The last five members of the panel that will guide city and county consolidation are now known.
They join 10 others for a task that must start by Sept. 1: working out ordinances under which the Macon-Bibb County government will operate after Jan. 1, 2014.
The first 10 were ex-officio members, identified in House Bill 1171, which Bibb County voters approved July 31. The remaining five were appointed by the local legislative delegation.
They are Bill Underwood, president of Mercer University; Pearlie Toliver, retired vice president of BB&T and vice chair of the Macon Housing Authority board; Roy Fickling, president of Fickling & Co.; Jeffery Monroe, partner at the law firm Jones, Cork & Miller; and state Sen. Miriam Paris.
Paris is a former president of Macon City Council. She served one term in the state Senate and just lost a close runoff to former state Rep. David Lucas.
“I think it’s going to be great to be involved with the transition team -- to make sure that the employees are protected, and the transition is one that is as smooth as we can possibly get it,” she said.
Paris supported consolidation, but she said she wasn’t at the Wednesday afternoon meeting where the final five were chosen.
“I did not seek to be on it,” she said.
Monroe said he didn’t campaign for inclusion on the committee either, but he has been one of the leading backers of the measure.
“I was a part of the executive committee for the consolidation effort,” Monroe said. “I think it was the thing to do to move this community forward.”
Voters in Payne City, Macon and Bibb County approved consolidation by an overall margin of about 57 percent to 43 percent. The new nine-member commission and countywide mayor will be elected in November 2013 and take office at the start of 2014.
Section 37 of House Bill 1171 specifies that the 15-member transition task force will work on “planning and preparing for the assumption of governmental powers by the restructured governing authority.”
It specifies that holders of certain offices will fill 10 of the seats, including that the chairperson of the local legislative delegation will also chair the task force; and that Macon’s mayor and Bibb County’s commission chairperson will serve as co-chief executive officers.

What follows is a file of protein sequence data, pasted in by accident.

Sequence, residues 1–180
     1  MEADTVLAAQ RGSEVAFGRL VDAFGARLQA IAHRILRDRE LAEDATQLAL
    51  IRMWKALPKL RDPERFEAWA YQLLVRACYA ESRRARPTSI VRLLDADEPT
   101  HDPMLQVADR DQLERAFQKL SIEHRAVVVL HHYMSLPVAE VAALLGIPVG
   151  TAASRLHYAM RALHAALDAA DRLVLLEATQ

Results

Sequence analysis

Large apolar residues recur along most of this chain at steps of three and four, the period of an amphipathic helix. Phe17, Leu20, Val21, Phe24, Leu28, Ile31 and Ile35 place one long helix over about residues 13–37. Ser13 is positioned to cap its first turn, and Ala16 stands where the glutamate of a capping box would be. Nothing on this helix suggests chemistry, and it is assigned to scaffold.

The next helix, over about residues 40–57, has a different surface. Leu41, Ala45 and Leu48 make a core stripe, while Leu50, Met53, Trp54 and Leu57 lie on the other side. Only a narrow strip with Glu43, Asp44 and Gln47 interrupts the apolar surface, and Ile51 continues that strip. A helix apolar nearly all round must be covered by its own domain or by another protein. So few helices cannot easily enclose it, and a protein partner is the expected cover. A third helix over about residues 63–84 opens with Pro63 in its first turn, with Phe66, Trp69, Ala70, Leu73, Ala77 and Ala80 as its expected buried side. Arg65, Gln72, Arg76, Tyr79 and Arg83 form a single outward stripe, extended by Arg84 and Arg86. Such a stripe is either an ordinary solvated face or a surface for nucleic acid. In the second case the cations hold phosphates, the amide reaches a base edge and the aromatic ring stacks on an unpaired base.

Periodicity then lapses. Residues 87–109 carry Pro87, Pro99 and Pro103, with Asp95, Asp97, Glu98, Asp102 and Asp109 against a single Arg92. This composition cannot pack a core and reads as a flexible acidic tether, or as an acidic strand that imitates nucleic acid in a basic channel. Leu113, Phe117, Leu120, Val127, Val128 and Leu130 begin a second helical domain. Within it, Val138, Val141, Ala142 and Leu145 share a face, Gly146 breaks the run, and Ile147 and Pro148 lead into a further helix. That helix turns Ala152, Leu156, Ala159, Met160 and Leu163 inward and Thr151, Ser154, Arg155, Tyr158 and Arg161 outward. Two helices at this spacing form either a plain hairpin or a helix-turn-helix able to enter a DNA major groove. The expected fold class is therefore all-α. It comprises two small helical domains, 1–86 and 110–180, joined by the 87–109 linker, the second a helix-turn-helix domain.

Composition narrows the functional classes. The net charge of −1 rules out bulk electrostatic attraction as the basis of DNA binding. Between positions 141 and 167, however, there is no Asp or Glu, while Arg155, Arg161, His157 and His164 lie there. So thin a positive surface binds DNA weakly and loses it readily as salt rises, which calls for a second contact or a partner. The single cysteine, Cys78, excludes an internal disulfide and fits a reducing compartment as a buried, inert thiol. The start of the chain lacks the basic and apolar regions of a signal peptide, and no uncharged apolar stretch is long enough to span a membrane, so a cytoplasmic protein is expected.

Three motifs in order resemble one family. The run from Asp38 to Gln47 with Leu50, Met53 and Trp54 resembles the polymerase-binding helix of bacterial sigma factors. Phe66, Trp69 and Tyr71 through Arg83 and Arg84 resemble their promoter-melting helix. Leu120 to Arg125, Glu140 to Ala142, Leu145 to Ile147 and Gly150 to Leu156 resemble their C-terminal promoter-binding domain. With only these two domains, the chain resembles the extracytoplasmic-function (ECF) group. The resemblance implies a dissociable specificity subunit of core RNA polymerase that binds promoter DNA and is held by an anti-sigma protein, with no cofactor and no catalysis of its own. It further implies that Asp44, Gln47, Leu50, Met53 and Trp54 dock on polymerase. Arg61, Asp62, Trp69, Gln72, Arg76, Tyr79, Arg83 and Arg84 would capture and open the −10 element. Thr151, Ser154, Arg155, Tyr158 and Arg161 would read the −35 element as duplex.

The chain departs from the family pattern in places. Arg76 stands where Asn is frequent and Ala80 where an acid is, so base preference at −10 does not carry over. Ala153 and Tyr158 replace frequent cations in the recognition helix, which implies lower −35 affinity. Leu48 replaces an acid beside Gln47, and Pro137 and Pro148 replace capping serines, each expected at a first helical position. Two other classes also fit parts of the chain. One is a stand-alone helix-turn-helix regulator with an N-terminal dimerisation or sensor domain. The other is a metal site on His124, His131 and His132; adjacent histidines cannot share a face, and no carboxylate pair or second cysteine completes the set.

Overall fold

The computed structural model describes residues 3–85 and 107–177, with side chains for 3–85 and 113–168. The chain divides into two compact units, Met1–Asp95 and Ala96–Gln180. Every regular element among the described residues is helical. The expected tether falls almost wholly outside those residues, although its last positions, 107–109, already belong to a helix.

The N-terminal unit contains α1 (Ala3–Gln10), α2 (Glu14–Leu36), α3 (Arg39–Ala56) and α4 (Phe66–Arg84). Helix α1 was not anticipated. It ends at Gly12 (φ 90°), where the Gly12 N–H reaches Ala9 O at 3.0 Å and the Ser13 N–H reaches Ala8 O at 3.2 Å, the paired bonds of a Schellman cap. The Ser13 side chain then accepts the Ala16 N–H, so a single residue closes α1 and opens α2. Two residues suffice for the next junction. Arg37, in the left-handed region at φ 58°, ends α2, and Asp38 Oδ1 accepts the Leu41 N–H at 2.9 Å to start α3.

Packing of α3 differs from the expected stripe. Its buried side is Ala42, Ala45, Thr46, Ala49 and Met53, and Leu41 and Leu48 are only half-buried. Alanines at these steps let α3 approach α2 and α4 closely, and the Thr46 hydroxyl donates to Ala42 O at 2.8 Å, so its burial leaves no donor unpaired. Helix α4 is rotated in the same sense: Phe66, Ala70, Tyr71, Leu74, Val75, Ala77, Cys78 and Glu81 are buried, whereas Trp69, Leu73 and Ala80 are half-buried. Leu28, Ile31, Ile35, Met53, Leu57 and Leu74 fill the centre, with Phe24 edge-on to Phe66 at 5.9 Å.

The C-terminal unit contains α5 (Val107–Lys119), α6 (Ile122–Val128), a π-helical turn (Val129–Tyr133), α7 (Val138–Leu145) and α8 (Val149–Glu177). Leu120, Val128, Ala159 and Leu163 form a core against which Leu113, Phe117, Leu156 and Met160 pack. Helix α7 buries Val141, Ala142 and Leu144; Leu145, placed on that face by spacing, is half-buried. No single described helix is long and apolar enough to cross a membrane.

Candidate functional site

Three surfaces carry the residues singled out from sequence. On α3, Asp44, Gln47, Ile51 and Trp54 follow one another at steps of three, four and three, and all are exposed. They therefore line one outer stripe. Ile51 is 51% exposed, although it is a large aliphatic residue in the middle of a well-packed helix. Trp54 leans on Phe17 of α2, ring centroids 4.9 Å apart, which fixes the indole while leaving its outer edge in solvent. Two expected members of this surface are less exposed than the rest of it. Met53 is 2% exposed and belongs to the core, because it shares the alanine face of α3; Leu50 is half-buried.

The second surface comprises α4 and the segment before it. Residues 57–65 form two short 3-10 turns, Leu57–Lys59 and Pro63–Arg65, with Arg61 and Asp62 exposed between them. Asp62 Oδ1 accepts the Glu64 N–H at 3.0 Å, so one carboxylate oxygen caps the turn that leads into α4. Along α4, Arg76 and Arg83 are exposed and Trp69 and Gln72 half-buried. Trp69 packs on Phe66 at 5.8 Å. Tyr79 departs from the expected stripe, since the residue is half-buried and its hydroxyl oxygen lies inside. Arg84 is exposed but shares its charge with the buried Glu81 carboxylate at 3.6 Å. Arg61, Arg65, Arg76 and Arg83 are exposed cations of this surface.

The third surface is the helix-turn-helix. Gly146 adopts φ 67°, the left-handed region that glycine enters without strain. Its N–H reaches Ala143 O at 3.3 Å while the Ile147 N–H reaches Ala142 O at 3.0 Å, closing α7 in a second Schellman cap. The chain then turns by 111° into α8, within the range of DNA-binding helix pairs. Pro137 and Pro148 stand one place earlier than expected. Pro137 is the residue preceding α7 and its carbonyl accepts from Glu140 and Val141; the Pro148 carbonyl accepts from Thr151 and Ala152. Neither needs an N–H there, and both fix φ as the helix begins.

The specified officials are Bibb County Commission Chairman Sam Hart; Elmo Richardson, chairman of the Bibb County finance committee; Macon Mayor Robert Reichert; Tom Ellington, chairman of the city’s Finance committee; James Timley, president of Macon City Council; Greater Macon Chamber of Commerce board President Leonard Bevill; Macon Police Chief Mike Burns; and Bibb County Sheriff Jerry Modena.
The task force will be led by state Rep. Nikki Randall, the delegation’s chair, and vice chair Sen. Cecil Staton. The inaugural meeting is expected to be held within the next two weeks.
The five remaining members were to be appointed by General Assembly members representing any part of Bibb County.
“We are grateful that so many Macon-Bibb citizens were interested in serving in this monumental body,” Randall said in a statement. “There were countless, very capable individuals that were nominated. However, the charter allows us to select only five.”
Paris said she thinks the delegation did a good job of choosing people who will represent the community well, even if their specific roles have yet to be settled.
“Right now I’m just waiting until we all get together and see where I can be the most assistance on the team,” she said.
Monroe said he wants to work on making the transition as seamless as possible, though inevitably some things will take time to smooth out.
His foremost goal is to keep the task force’s work as open to the public as possible, he said. The more people know about how the new government is being organized, the more likely they are to trust the process and become involved, Monroe said. That will serve to make the new government’s operation smoother once it’s established, he said.
Telegraph staff writer Oby Brown contributed to this report. To contact writer Jim Gaines call 744-4489.